Markets

Merino ewes sell to $196 in huge Hay sale

Terry Sim, September 22, 2014
Angus Dye, Murgha, Moulamein, left, sold these 425 June/July-drop August-shorn Merino ewes to Elders Bendigo livestock manager Nigel Starick, for $160, to go to the Jones family at Sale to breed first cross ewes.

Angus Dye, Murgha, Moulamein, left, sold these 425 June/July-drop August-shorn Merino ewes to Elders Bendigo livestock manager Nigel Starick, for $160, to go to the Jones family at Sale to breed first cross ewes.

Merino ewes sold to $196 at the huge Hay annual September sheep sale last Friday, with even second-run ewes selling well to keen restockers from across NSW, northern and central Victoria.

The top-priced line was 403 March-April 2013-drop and August-shorn Alma blood Merino ewes from ‘Yarto’ at Booligal, bought by Geoff and Diane Allan, ‘Melrose’, Mathoura. A second line of 400 made $172.

Mr Allan said the Yarto offering last year was bought by a neighbour who wasn’t buying this year, so he stepped in and he would join the 72kg ewes to Retallack Border Leicester rams in the first week of October.

Agents quoted the sale generally solid for the 55,000 sheep yarded – believed to be Australia’s biggest sheep sale – but Mr Allan said some lines sold cheaper than last year and he was expecting ewes to make over $200. Last year’s top price was $204 for Yarto ewes.

Elders Hay agent Bruce Summers said there wasn’t a dull moment in the sale of what was a fantastic run of well-bred sheep. Prices for young ewes at close to $200 and wether lambs to $80 were to expectations despite the very ordinary season at Hay.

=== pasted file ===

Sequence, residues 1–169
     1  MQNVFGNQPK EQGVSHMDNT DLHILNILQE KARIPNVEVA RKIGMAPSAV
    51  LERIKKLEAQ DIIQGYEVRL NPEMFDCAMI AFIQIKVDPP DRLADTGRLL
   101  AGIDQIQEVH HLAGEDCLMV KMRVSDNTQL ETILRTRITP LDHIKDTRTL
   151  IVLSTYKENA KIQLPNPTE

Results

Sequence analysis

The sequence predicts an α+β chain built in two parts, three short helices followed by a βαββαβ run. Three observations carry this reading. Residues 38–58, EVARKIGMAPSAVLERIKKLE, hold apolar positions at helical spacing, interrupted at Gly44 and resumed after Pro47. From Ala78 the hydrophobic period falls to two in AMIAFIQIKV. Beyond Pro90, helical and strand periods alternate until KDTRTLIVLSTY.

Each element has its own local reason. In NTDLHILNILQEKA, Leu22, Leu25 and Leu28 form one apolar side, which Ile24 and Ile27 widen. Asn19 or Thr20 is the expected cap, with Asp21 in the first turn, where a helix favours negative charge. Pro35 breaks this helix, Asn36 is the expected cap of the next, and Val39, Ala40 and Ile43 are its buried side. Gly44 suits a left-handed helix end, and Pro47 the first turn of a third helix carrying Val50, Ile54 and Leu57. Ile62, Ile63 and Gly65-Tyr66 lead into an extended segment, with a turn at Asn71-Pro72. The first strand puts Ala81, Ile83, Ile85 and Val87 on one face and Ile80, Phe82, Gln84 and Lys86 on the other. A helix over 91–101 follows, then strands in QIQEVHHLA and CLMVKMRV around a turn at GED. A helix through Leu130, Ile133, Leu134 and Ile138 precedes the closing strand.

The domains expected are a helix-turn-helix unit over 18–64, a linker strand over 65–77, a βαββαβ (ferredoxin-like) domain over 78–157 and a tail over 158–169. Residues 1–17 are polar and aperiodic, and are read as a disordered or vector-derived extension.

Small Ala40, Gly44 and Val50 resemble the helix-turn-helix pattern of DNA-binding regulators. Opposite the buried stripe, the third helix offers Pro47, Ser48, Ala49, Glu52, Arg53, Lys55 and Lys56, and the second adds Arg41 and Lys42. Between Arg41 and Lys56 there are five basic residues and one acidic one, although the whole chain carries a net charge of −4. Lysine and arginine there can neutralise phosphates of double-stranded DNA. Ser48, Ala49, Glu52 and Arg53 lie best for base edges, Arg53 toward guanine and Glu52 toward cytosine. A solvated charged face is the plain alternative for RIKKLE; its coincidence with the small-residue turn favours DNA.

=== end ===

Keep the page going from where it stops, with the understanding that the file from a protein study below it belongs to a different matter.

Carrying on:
“It was all good.”

The 2012-drop ewes sold to $160 for Ulonga’s 620 Alma blood May/June-drop August shorn ewes; 2010-drop ewes made to $122 for Steam Plains’ 500 June/July-drop Poll Pooginook-blood ewes; 2009-drop ewes made up to $100 for Yarto’s 800 March/April-drop Alma blood August shorn ewes and Yamba’s 600 April/May-drop 2008-drop August shorn Alma blood ewes sold for $65.

Buyers for the joint Elders and Landmark offering came from Deniliquin, Griffith, Echuca, Barham, Swan hill, Bendigo, Forbes, Narrandera, Kaniva, Inglewood, Yarrawonga, Albury, Kerang, Mildura, Wagga, Cowra, Kyneton, Kilmore, as well as all major processors. Most restockers were looking for ewes to join in October, or through to December and later in the south.

Solid sale ‘all the way through’

Landmark Deniliquin’s Bill O’Brien said the sale was very solid “all the way through” for the number of sheep, with the second top-price being $188 for Daisy Plain’s 400 March-April 2013-drop Alma blood and July-shorn Merino ewes.

“Then prices dropped back to $172, and probably for the next eight to ten pens, you might have thought they would make a tad more, they were making between $155-$175, but still very good bloomy sheep.”

The second runs of 2013-drop ewes still made $135-$145, he said.

“Anything with bloom was chased for and made the money.

“Anything lacking a bit of bloom, there was a difference of $20-$25.”

Mr O’Brien said a lot of the older 5-year-old ewes were bought by processors for $75-$100.

“I suppose the trade might have taken half of them.”

He said about a third to half of the wether lambs – the freshest – were bought for slaughter, with most making $60-$70.

Landmark Hay’s Marc Braybon said the 2013-drop ewes weighing 50kg-plus all made $135-$160-plus. Even ewes of doubtful weight for a quick joining made $115-$130, edging out punters looking to buy young ewes for $85-$100, he said.

“I thought it was really good money.

“There were only a few pens under $100.”

Mr Braybon said the Abbaotsford operation from Ivanhoe sold the best of 2000 April-May 2013-drop and August shorn Collinsville blood Merino ewes for a top price of $168, with the seconds making $136 and the thirds $126. This compared with $100 for the third run of ewes last year.

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